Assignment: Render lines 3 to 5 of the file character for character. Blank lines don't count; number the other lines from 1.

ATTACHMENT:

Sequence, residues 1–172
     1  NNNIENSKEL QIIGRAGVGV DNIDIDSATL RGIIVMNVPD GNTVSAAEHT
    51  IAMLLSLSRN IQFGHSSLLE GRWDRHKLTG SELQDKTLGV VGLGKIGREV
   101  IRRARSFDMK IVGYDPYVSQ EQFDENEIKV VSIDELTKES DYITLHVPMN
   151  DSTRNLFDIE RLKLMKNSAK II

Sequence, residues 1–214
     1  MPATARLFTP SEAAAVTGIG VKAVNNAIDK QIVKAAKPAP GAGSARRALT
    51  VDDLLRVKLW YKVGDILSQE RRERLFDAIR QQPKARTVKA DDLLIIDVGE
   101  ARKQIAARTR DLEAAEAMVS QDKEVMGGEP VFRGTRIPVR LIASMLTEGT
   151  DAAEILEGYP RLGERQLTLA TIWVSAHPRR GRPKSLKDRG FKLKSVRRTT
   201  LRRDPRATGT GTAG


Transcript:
    51  IAMLLSLSRN IQFGHSSLLE GRWDRHKLTG SELQDKTLGV VGLGKIGREV
   101  IRRARSFDMK IVGYDPYVSQ EQFDENEIKV VSIDELTKES DYITLHVPMN
   151  DSTRNLFDIE RLKLMKNSAK II